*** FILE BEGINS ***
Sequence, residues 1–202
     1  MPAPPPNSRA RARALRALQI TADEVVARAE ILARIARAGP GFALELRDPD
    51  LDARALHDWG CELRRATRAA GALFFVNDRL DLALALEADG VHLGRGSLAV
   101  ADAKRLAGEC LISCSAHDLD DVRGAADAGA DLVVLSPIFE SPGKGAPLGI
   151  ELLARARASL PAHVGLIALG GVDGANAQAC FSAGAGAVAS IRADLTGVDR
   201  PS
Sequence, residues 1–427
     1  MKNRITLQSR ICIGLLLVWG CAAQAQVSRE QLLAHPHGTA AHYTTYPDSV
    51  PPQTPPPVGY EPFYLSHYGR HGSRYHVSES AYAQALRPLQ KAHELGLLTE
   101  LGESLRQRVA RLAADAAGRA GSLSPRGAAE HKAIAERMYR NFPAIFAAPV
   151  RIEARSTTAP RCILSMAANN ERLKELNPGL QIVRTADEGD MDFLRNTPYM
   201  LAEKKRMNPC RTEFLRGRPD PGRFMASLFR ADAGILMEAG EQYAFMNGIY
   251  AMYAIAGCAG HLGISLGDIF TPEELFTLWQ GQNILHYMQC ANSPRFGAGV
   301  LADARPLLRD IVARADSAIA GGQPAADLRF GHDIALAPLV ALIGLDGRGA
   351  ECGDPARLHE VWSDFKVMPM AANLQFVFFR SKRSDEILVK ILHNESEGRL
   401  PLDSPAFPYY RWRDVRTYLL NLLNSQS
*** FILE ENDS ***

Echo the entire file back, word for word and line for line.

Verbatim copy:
Sequence, residues 1–202
     1  MPAPPPNSRA RARALRALQI TADEVVARAE ILARIARAGP GFALELRDPD
    51  LDARALHDWG CELRRATRAA GALFFVNDRL DLALALEADG VHLGRGSLAV
   101  ADAKRLAGEC LISCSAHDLD DVRGAADAGA DLVVLSPIFE SPGKGAPLGI
   151  ELLARARASL PAHVGLIALG GVDGANAQAC FSAGAGAVAS IRADLTGVDR
   201  PS
Sequence, residues 1–427
     1  MKNRITLQSR ICIGLLLVWG CAAQAQVSRE QLLAHPHGTA AHYTTYPDSV
    51  PPQTPPPVGY EPFYLSHYGR HGSRYHVSES AYAQALRPLQ KAHELGLLTE
   101  LGESLRQRVA RLAADAAGRA GSLSPRGAAE HKAIAERMYR NFPAIFAAPV
   151  RIEARSTTAP RCILSMAANN ERLKELNPGL QIVRTADEGD MDFLRNTPYM
   201  LAEKKRMNPC RTEFLRGRPD PGRFMASLFR ADAGILMEAG EQYAFMNGIY
   251  AMYAIAGCAG HLGISLGDIF TPEELFTLWQ GQNILHYMQC ANSPRFGAGV
   301  LADARPLLRD IVARADSAIA GGQPAADLRF GHDIALAPLV ALIGLDGRGA
   351  ECGDPARLHE VWSDFKVMPM AANLQFVFFR SKRSDEILVK ILHNESEGRL
   401  PLDSPAFPYY RWRDVRTYLL NLLNSQS